Blaney said when she saw the bill on Sun­day she saw over­reach on the govern­ment. She said the NDP un­der­stood the govern­ment had to move fast, but that did not mean Par­lia­ment should be on the side­lines.

“All of us see what is hap­pen­ing across the coun­try and across the world. We want to pro­vide the flex­i­bil­ity to ad­dress is­sues as they arise, but there are ways of do­ing that that also have par­lia­men­tary over­sight,” she said.

The over­reaches in the bill in­cluded a pro­vi­sion that would have al­lowed Fi­nance Min­is­ter Bill Morneau to raise, lower or elim­i­nate taxes through to Dec. 31, 2021. He also could have bor­rowed and spent end­lessly on the cri­sis over the same time frame.

The con­tents of the bill leaked to sev­eral po­lit­i­cal re­porters Mon­day night and op­po­si­tion par­ties made it clear it was go­ing too far. On Tuesday morn­ing, the prime min­is­ter said he would re­move the con­tro­ver­sial tax sec­tion, but Ber­gen said the there was still far too much unchecked au­thor­ity for the govern­ment.

“It was still chock full of power grabs. Ev­ery­one was talk­ing about sec­tion two, that would give them what they wanted on tax un­til 2022. But there was more in the bill that didn’t pro­vide ac­count­abil­ity. We needed sun­set clauses.”

She said it was not un­til the Con­ser­va­tives made it clear they wouldn’t sup­port the bill as is was that things started to change.

“At noon, the House was sus­pended and fi­nally they took us se­ri­ously,” she said.

Alain Ther­rien, par­lia­men­tary leader of the Bloc Québé­cois, said the Con­ser­va­tives were the main bar­rier to the process. He said the Lib­er­als had agreed to re­move the tax au­thor­ity by late Mon­day night, and sun­set their spend­ing and bor­row­ing pow­ers in Septem­ber.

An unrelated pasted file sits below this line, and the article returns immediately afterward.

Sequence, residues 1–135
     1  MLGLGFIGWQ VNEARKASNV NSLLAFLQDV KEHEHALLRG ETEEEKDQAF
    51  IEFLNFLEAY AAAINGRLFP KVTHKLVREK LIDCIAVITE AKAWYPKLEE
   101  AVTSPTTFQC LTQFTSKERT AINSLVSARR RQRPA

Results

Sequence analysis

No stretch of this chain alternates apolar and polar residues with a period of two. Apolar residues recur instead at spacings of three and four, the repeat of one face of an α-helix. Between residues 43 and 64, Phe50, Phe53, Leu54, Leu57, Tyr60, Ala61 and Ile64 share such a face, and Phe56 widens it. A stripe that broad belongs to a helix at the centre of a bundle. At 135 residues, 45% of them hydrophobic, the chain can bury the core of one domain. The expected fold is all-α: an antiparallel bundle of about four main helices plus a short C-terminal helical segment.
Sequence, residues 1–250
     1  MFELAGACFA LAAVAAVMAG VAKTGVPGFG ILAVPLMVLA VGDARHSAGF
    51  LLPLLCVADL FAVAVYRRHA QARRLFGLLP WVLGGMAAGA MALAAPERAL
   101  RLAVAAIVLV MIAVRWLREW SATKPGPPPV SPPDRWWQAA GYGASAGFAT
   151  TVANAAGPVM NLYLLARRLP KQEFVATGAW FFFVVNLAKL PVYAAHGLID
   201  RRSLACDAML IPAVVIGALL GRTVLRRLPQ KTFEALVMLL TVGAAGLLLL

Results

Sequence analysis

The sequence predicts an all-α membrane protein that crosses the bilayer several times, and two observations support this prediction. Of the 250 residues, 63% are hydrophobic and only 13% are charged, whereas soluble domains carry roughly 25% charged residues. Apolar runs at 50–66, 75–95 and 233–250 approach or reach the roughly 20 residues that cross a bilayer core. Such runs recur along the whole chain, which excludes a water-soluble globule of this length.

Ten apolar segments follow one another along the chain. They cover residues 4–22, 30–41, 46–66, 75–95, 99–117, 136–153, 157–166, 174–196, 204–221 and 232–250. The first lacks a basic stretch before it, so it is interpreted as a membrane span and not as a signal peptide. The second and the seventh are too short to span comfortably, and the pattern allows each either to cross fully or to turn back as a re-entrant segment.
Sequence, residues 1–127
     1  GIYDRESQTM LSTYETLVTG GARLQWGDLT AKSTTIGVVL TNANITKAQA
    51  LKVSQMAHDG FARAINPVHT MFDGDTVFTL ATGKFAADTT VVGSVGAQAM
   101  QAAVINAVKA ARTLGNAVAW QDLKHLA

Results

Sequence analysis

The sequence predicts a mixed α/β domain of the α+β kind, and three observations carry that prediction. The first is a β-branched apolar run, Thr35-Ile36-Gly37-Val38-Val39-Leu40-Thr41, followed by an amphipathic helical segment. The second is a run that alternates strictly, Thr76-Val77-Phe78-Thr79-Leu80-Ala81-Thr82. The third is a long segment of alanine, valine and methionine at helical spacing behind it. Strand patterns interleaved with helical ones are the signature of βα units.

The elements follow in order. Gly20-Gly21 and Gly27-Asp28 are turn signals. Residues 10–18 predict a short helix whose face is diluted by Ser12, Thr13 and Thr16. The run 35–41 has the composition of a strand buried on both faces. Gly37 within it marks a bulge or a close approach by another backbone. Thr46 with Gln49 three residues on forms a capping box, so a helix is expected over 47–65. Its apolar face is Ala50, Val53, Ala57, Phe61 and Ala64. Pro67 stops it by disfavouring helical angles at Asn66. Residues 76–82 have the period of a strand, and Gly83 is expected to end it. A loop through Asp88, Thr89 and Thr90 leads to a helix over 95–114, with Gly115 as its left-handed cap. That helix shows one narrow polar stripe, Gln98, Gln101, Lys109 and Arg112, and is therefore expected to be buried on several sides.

He said the Bloc were pre­pared to agree to the deal on Mon­day night. He said on Tuesday af­ter­noon with the House sus­pended Morneau painted a dark pic­ture of the eco­nomic sit­u­a­tion.

“Morneau then came to give us the fi­nan­cial por­trait for all of us. And it wasn’t pretty at all. And that com­forted me that we had a good deal on Mon­day night,” he said.

Ro­driguez said he thought there was a good level of over­sight in the orig­i­nal bill, but the govern­ment was fine with the ad­di­tional lay­ers added Tuesday. He said much of the is­sues were set­tled be­fore the House was sit­ting.

He also pointed out that when the House of Com­mons came back, the op­po­si­tion have levers they could pull.

“It is still a mi­nor­ity govern­ment, so once Par­lia­ment is re­called, the op­po­si­tion can do what they want,” he said. “That is an­other layer of se­cu­rity that they have.”

Af­ter the Tuesday af­ter­noon ne­go­ti­a­tions, the Lib­er­als went back to their corner for a few hours and pre­sented new leg­is­la­tion to the op­po­si­tion around 1 a.m. Wed­nes­day, which was then put up for debate around 3 a.m. and fi­nally voted on around 6 a.m.

It in­cluded the sun­set clauses as well as reg­u­lar up­dates to House com­mit­tees.

Ro­driquez said he hadn’t ex­pected to be ne­go­ti­at­ing the agree­ment un­til the wee hours, but he was also de­ter­mined the bill pass.

“Families are ask­ing them­selves how they’re go­ing to pay the rent, how they are go­ing to put food on the ta­ble for their kids, so there was no way we are leav­ing here without that bill.”

The bill had a much quicker pas­sage in the Se­nate Wed­nes­day morn­ing and was signed by the Gov­er­nor Gen­eral in the af­ter­noon.